Welcome back! Today, we’re going to be baking some chocolate cookies from Linda Arvidson, a Biograph actress more famous today for her crumbled marriage than her acting roles. This recipe is from a 1916 charity cookbook. You can catch up on all the taste tests in the series here.
This cookie recipe has an important silent film figure in the mix, namely D.W. “We call it the War of Northern Aggression!” Griffith. (That last sentence works best if you say it in a Foghorn Leghorn accent.)
At the time this recipe was published, Linda Arvidson was signing her name as Mrs. D.W. Griffith. Casual movie fans would be forgiven for not realizing that he was married; Arvidson does not often come up in conversation. When she is mentioned, the modern perception of her is often colored by the mean girl shade Lillian Gish threw her way. Why, the wretched woman was receiving a very healthy and regular chunk of cash due to the nature of their separation agreement. The wicked vampire!
I am almost always on the side of the spouse who stands by their partner in the lean days and then gets dumped the moment fame and fortune come knocking. Surely there must be more to the story.
I don’t normally like to delve into the private lives of silent film personnel but, as it was in the cases of Mildred Harris and Natacha Rambova, nasty gossip has taken over the memory of a woman who is not alive to fight back. The real story of the “cruel” separation agreement? Griffith wrote when he should have telephoned, you see, and admitted in a letter that he had stepped out on his wife many times. You hear that sound, Mr. Griffith? That’s your bank account saying buh-bye.
Come on, if your significant other confessed to serial unfaithfulness and was also making a mint as a famous film director, wouldn’t you be tempted to make them pay through the nose? Don’t get mad, get everything!
Okay, who is with me in wanting Linda, Gloria Swanson and Mary Pickford and other silent era women with horrid exes to form a 1910s First Wives Club? (This gives me an idea for a poster!)
I strongly recommend heading over to 11 East 14th Street and reading their excellent and highly detailed article on this maligned woman. You will learn the real story of Linda Arvidson, which proves to be much more interesting than the fiction.
So, we know that Arvidson was not too happy in love, will she be happier creating sweet treats? That’s what this taste test is all about!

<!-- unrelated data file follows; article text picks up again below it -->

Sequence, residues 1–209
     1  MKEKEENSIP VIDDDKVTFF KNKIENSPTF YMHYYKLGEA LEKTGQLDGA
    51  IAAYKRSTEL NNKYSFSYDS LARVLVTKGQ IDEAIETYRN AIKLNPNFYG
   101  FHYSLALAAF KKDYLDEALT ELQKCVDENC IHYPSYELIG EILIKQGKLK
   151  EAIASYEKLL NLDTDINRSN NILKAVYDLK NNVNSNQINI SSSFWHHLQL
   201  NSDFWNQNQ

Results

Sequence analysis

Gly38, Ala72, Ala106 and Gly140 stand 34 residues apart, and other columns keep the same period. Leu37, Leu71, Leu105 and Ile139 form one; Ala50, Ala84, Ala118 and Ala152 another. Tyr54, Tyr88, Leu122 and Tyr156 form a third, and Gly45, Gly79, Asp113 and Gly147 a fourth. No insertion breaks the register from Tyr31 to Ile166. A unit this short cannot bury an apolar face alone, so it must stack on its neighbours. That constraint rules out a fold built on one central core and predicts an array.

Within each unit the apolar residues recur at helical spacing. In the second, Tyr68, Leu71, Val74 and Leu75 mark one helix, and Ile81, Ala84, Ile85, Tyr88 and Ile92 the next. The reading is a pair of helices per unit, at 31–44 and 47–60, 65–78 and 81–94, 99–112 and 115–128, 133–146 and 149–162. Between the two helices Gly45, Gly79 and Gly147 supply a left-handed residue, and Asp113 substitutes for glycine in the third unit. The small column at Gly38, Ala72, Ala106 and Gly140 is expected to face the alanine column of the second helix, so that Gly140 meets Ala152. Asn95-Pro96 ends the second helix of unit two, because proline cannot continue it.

I took “the usual way” of mixing to mean: Soft butter is creamed with the sugar and then the egg and milk are added. Once these are mixed well, fold in the melted chocolate. The remaining dry ingredients are mixed in a second bowl and then added to the chocolate mixture.
(Per the 1918 edition of Fannie Farmer’s iconic cookbook, one square of baking chocolate is one ounce, the same way it is packaged in the modern United States. I melted the chocolate in the microwave, which is terribly anachronistic of me. Promise not to tell?)
The texture of the dough was nice but I was concerned about the light color. Could these anemic-looking cookies live up to their chocolaty name?
As for oven temperature and timing, keep in mind that oven technology varied and temperature was very much a matter of opinion. I just used my go-to temperature of 350 degree Fahrenheit. The cookies were firm and had browned bottoms in about twelve minutes but do keep an eye on them if you are trying this recipe for yourself.
Taste Test Video:
Score: 2 out of 5. The cookies are not bad but they are certainly not chocolate. They are basically sugar cookies with the tiniest hint of chocolate flavor; there simply is not enough chocolate in the recipe to give it suitable oomph. A better use for the chocolate would have been to make a glaze for the tops of the cookies or shave it and sprinkle it over them. (Chocolate chips were invented in the 1890s but the chocolate chip cookie was not invented until the 1930s.)
The cookies do have a nice, tender texture and they hold the shape of the cookie cutter very well. It’s a shame that they didn’t deliver on flavor as every other element of these cookies is a success. Alas for Linda Arvidson, Sidney Drew remains the silent film cookie champion.
Try this instead: Chocolate chocolate chip cookies with chocolate icing. Hey, we were promised chocolate, right? Alternatively, perhaps substituting white chocolate in the original recipe would create a creamier, less disappointing treat.